Interactions between the Gut, the Brain and Brown Adipose Tissue Function

Anneke Beukel, Aldo Grefhorst

Research output: Contribution to journalArticleAcademicpeer-review


Brown adipose tissue (BAT) has the unique ability to oxidize fatty acids to generate heat, a process termed thermogenesis. The mitochondrial uncoupling protein 1 is predominantly expressed in BAT and controls the thermogenetic properties of this tissue. Since activated BAT dissipates energy, it is considered beneficial in controlling metabolism, i.e. by combating obesity. Indeed, humans with a higher BMI have less active BAT. Many researchers attempt to uncover regulatory pathways in BAT activity in the pursuit for novel BAT modulators to control body weight. Endocrine factors such as thyroid hormone, sex steroid hormones and glucocorticoids can modulate BAT activity. Since the intestinal tract has emerged as an endocrine organ regulating energy balance and glucose homeostasis, this review will discuss how gut-derived hormones and other intestinal tract-related factors such as bile acids modulate BAT activity. Emphasis will be put on whether these hormones regulate BAT directly or via the central nervous system. In summary, it can be globally stated that anorexigenic gut hormones stimulate BAT while orexigenic gut hormones inhibit BAT activity. How these hormones modulate BAT and whether this is via a direct and/or central effect is largely unknown. Novel insights about gut-derived factors such as bile acids suggest that they also affect BAT activity. Altogether, effects of food intake per se on BAT activity are rather complex to interpret and depend on many (hormonal) factors. (C) 2014 S. Karger AG, Basel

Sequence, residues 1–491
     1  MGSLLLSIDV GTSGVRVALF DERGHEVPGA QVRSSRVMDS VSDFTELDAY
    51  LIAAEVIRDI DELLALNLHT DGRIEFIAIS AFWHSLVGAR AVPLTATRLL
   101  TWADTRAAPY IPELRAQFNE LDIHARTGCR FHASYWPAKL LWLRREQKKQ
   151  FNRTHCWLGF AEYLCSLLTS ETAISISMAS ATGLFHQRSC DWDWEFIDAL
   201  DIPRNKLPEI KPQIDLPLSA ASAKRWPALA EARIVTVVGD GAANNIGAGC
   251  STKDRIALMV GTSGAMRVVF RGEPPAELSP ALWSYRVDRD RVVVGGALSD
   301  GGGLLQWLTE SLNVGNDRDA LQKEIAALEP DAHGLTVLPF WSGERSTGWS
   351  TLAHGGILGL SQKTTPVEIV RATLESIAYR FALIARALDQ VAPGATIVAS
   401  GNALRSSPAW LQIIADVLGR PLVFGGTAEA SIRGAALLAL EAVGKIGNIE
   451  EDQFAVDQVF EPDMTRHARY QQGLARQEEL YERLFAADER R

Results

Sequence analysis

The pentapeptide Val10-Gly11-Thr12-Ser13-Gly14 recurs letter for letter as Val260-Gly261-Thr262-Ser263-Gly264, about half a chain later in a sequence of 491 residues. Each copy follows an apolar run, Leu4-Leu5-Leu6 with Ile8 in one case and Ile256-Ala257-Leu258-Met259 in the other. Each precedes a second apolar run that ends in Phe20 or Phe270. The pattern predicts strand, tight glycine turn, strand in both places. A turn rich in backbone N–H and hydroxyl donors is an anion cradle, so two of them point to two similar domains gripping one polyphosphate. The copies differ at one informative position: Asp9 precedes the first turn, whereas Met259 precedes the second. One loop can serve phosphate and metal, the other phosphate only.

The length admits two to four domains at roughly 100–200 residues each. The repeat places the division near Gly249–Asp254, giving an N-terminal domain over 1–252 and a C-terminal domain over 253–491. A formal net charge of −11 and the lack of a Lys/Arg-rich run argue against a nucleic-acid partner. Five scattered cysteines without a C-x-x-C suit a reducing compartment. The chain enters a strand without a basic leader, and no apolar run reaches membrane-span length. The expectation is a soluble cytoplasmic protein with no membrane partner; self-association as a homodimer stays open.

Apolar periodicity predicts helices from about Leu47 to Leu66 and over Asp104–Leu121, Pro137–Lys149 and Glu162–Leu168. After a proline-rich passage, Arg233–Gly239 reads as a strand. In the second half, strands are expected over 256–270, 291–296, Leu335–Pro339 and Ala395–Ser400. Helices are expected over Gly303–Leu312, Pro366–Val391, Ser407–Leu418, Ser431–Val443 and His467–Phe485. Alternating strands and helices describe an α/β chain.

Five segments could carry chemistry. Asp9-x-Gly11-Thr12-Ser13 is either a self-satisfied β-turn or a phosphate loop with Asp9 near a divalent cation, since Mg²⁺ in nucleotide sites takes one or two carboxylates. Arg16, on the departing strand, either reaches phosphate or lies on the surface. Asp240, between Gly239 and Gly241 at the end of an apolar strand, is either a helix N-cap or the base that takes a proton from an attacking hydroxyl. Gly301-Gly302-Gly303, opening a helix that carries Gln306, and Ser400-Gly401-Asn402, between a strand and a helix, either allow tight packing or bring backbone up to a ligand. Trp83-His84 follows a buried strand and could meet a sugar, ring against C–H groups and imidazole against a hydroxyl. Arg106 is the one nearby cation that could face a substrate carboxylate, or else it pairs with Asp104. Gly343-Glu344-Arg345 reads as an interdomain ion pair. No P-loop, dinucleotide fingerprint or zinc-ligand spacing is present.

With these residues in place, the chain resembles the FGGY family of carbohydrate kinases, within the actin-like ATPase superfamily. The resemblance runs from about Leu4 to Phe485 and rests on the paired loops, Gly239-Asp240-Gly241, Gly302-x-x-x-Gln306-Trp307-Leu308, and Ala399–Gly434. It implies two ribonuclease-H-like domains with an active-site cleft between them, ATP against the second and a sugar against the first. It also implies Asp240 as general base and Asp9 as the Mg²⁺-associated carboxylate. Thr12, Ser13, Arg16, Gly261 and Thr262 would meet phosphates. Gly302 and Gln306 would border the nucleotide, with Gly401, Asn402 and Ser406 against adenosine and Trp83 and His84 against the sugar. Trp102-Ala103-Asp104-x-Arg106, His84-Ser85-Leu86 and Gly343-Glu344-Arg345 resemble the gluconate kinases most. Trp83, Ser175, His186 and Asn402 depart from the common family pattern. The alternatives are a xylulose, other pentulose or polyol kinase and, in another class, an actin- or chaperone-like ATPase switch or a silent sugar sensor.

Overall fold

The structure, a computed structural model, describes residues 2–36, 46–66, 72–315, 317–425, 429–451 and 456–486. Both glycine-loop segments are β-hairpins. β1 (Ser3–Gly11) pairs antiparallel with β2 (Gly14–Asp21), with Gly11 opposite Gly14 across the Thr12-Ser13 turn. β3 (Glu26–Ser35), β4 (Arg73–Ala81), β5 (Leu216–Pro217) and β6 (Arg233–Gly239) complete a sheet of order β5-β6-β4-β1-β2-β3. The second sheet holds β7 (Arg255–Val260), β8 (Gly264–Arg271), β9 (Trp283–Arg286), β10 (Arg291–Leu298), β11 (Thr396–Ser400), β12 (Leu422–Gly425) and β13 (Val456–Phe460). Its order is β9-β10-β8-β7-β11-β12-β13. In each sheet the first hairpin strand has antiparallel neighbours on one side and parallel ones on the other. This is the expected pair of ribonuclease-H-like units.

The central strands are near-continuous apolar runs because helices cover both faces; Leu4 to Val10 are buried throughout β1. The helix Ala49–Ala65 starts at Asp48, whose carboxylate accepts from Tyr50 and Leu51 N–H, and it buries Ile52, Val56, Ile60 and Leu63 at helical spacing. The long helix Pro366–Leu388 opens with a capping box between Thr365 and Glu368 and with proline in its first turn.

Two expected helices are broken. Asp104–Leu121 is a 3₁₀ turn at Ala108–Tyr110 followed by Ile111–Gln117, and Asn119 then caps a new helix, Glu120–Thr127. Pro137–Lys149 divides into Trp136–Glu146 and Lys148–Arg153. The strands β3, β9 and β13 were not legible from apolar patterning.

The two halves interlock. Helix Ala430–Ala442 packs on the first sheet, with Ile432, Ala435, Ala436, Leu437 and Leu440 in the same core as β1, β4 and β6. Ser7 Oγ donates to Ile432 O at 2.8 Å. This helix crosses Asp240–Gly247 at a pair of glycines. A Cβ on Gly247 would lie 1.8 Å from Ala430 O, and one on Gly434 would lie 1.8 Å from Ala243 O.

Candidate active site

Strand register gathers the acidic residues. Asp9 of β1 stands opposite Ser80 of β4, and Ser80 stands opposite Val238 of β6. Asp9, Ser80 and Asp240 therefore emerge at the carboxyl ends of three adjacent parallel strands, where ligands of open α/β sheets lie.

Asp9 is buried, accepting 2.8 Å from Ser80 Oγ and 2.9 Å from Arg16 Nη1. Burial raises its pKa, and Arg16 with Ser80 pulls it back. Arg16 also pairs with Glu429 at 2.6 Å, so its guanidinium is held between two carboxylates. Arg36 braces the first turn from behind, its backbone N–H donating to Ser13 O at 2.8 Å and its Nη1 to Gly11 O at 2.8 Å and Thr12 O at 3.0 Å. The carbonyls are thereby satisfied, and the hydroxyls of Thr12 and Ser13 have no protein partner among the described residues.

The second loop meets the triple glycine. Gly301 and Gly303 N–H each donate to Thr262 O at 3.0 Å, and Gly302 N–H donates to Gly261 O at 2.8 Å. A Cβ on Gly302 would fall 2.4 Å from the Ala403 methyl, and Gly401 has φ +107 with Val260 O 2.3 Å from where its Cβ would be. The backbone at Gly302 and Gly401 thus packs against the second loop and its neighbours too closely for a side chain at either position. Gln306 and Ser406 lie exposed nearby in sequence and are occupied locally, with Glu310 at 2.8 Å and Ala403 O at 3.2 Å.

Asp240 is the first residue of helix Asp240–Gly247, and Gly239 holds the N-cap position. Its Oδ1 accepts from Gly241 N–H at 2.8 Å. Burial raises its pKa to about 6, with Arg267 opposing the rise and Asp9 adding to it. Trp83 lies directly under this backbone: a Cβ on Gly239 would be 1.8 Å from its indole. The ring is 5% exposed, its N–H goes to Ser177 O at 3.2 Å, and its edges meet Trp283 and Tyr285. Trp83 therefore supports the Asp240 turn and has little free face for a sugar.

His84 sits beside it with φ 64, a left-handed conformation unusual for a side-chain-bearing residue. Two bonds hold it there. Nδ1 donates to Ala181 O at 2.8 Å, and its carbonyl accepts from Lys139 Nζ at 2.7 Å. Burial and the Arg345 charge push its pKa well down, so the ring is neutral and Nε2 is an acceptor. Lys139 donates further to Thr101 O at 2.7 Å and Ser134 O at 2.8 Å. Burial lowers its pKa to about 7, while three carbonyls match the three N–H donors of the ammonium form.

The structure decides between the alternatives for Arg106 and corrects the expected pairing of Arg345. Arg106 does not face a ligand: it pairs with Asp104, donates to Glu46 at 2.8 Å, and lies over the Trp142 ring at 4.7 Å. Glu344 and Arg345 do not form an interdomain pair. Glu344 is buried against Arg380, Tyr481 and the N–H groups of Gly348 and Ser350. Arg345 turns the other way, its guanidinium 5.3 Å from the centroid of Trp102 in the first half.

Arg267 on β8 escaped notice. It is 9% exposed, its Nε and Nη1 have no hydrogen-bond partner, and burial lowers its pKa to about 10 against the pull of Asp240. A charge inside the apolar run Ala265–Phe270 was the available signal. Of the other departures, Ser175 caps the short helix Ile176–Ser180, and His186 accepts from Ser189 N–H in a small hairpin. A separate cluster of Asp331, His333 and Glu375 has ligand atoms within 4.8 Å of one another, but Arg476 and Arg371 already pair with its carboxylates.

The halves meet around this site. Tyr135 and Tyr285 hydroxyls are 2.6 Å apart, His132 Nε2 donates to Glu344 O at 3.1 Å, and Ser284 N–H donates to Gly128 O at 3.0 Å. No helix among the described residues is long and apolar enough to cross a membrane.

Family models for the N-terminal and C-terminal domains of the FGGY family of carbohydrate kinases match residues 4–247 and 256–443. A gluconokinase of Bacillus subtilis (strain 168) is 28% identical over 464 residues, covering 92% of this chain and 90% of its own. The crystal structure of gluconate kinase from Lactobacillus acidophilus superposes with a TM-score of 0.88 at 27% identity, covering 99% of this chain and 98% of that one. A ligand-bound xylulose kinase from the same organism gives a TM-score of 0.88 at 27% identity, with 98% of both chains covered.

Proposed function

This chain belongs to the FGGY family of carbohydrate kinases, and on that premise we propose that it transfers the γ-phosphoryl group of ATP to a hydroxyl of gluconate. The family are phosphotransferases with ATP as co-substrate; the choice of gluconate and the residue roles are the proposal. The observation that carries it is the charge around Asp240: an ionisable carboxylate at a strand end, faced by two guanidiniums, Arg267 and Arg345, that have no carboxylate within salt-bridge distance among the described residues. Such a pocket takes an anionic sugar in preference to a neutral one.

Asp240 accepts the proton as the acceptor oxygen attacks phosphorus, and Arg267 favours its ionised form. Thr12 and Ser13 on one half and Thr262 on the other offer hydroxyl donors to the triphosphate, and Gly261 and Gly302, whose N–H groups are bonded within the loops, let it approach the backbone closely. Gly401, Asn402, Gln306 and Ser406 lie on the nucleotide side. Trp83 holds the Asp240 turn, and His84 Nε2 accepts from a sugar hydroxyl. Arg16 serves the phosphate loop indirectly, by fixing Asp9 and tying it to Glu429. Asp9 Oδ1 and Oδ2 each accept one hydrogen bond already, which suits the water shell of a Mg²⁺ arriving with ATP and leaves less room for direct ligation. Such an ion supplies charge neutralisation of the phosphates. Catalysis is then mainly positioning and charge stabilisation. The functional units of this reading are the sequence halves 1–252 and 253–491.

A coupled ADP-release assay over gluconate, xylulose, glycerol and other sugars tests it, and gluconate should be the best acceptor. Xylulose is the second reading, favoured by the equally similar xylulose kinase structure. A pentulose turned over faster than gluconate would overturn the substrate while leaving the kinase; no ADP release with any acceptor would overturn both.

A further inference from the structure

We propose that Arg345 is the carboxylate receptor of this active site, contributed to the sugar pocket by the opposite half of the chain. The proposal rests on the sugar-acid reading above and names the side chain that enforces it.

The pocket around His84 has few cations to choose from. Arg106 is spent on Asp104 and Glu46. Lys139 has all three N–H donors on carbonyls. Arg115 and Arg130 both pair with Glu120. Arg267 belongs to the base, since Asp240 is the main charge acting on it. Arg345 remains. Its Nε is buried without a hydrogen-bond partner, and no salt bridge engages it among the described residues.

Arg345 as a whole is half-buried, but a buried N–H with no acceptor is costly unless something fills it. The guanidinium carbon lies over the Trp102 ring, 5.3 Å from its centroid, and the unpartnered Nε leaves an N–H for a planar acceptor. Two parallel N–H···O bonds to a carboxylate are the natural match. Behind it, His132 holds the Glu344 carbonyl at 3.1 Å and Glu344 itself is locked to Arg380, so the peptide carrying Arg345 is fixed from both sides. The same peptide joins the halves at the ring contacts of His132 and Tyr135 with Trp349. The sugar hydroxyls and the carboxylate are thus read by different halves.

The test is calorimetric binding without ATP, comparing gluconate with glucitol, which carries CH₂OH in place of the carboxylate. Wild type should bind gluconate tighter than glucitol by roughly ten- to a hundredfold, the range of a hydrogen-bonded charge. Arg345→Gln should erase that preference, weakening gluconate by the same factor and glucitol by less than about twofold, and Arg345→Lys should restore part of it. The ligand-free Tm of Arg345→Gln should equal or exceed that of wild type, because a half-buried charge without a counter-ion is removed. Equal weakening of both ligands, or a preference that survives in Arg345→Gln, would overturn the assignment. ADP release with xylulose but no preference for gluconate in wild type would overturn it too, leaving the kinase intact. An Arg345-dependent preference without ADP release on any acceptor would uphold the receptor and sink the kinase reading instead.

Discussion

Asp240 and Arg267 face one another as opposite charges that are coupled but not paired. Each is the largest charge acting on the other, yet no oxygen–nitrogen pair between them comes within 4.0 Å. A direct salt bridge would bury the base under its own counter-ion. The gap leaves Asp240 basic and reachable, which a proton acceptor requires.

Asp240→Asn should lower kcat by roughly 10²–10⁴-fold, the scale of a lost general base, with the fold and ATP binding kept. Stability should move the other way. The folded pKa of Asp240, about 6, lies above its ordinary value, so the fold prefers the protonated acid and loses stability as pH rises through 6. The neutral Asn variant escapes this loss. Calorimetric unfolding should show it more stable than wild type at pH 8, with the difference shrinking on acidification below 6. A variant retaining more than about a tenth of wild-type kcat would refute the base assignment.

Original languageUndefined/Unknown
Pages (from-to)107-122
Number of pages16
JournalFrontiers of Hormone Research
Publication statusPublished - 2014

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